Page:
WASHINGTON, D.C. – Attorney General Karl A. Racine announced today that PEAKS Trust, a private loan program run by the defunct for-profit school ITT, will provide more than $580,000 in debt relief for former students in the District as part of a settlement with 48 attorneys general and the federal Consumer Financial Protection Bureau. Nationally, the settlement will result in approximately $330 million in debt relief for 35,000 borrowers who have outstanding principal balances. The Attorneys General allege that ITT and PEAKS targeted low-income consumers with temporary zero-interest loans that they would be unable to pay, coerced them into accepting riskier loans from PEAKS to pay the temporary-credit off, and then harassed them with expulsion if they did not accept the loan terms.
ITT was a publicly traded, for-profit corporation that, until September 2016, enrolled consumers in classes at 149 locations throughout the country. ITT and Deutsche Bank formed PEAKS Trust, a private loan program, after the 2008 financial crisis when private sources of lending available to for-profit colleges dried up. Together, ITT and PEAKS developed a scheme to target low-income consumers with temporary zero-interest loans to cover the gap in tuition between federal student aid and the full cost of the education. When students failed to pay on time, ITT coerced them into accepting PEAKS loans to pay off their temporary loans, making the temporary loans merely an entry point to riskier credit lines that posed an unsurmountable financial burden to many of its students.
The settlement is with PEAKS Trust. ITT filed bankruptcy in 2016 amid investigations by state Attorneys General and following action by the U.S. Department of Education to restrict ITT’s access to federal student aid.
According to the settlement filed Tuesday, ITT and PEAKS:
- Knew students would have trouble repaying the loans: ITT and PEAKS knew or should have known that the students would not be able to repay the temporary credit when it became due nine months later. Many students complained that they thought the temporary credit was like a federal loan and would not be due until six months after they graduated.
- Harassed students: When the temporary credit became due, ITT pressured and coerced students into accepting loans from PEAKS, which for many students carried high interest rates, far above rates for federal loans. Pressure tactics used by ITT included pulling students out of class and threatening to expel them if they did not accept the loan terms. Many of the ITT students were from low-income backgrounds and were left with the choice of enrolling in the PEAKS loans or dropping out and losing any benefit of the credits they had earned, because ITT’s credits would not transfer to most schools.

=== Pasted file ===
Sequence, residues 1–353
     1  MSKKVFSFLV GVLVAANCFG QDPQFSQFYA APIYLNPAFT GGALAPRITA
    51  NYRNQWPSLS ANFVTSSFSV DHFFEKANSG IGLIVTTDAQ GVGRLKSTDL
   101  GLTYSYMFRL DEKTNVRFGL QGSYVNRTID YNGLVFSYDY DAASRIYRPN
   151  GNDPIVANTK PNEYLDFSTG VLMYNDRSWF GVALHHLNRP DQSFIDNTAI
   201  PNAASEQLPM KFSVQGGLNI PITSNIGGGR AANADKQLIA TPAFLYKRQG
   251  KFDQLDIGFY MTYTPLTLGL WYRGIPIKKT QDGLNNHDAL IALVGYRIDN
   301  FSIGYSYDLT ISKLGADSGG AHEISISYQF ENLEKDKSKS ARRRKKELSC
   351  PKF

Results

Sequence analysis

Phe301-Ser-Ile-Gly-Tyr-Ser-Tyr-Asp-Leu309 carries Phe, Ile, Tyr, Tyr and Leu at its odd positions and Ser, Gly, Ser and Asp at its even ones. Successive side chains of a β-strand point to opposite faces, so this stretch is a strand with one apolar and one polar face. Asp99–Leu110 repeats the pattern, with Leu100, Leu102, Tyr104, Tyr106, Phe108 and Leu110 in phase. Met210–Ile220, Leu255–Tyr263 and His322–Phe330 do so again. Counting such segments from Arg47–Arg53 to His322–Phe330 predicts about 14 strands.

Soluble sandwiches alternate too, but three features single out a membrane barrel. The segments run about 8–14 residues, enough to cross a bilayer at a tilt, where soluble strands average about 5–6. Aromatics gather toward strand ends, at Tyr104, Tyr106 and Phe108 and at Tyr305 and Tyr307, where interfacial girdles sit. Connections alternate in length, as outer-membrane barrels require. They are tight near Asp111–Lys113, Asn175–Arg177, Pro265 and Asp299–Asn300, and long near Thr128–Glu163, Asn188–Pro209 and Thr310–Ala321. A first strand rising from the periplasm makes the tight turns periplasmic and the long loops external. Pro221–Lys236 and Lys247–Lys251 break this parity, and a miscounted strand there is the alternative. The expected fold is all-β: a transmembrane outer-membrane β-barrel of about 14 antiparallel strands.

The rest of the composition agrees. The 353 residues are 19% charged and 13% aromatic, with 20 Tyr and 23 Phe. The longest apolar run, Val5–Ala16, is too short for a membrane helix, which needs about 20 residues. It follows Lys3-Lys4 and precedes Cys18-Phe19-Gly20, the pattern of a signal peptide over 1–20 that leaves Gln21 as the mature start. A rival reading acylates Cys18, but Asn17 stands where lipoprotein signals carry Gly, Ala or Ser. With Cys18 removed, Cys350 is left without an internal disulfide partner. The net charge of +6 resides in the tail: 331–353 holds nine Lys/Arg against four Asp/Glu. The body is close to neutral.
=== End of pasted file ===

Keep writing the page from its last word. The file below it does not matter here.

- Issued risky loans that trapped students with bad credit: The default rate on the PEAKS loans is projected to exceed 80 percent, due to both the high cost of the loans as well as the lack of success ITT graduates had getting jobs that earned enough to make repayment feasible. The defaulted loans continue to affect students’ credit ratings and are usually not dischargeable in bankruptcy.
Under the settlement, PEAKS has agreed that it will forgo collection of the outstanding loans and cease doing business. PEAKS will send notices to borrowers about the cancelled debt and ensure that automatic payments are cancelled. The settlement also requires the PEAKS to supply credit reporting agencies with information to update credit information for affected borrowers.
A copy of the settlement is available at: https://oag.dc.gov/sites/default/files/2020-09/ITT-PEAKS-AVC.pdf
Students do not need to take any action to receive the debt relief. The notices will explain their rights under the settlement. Students may direct questions to PEAKS at firstname.lastname@example.org or 866-747-0273, or the Consumer Financial Protection Bureau at (855) 411-2372.
In June 2019, AG Racine was part of a $168 million settlement that resulted in debt relief for 18,664 former ITT students. That agreement was with Student CU Connect CUSO, LLC, which also offered loans to finance students’ tuition at ITT Tech.
In addition to the District of Columbia, the settlement was signed by the Attorneys General of Arizona, Arkansas, California, Colorado, Connecticut, Delaware, Florida, Georgia, Hawaii, Idaho, Illinois, Indiana, Iowa, Kansas, Kentucky, Louisiana, Maine, Maryland, Massachusetts, Michigan, Minnesota, Mississippi, Missouri, Nebraska, Nevada, New Hampshire, New Jersey, New Mexico, New York, North Carolina, North Dakota, Ohio, Oklahoma, Oregon, Pennsylvania, Rhode Island, South Carolina, South Dakota, Tennessee, Texas, Utah, Vermont, Virginia, Washington, West Virginia, Wisconsin, and Wyoming.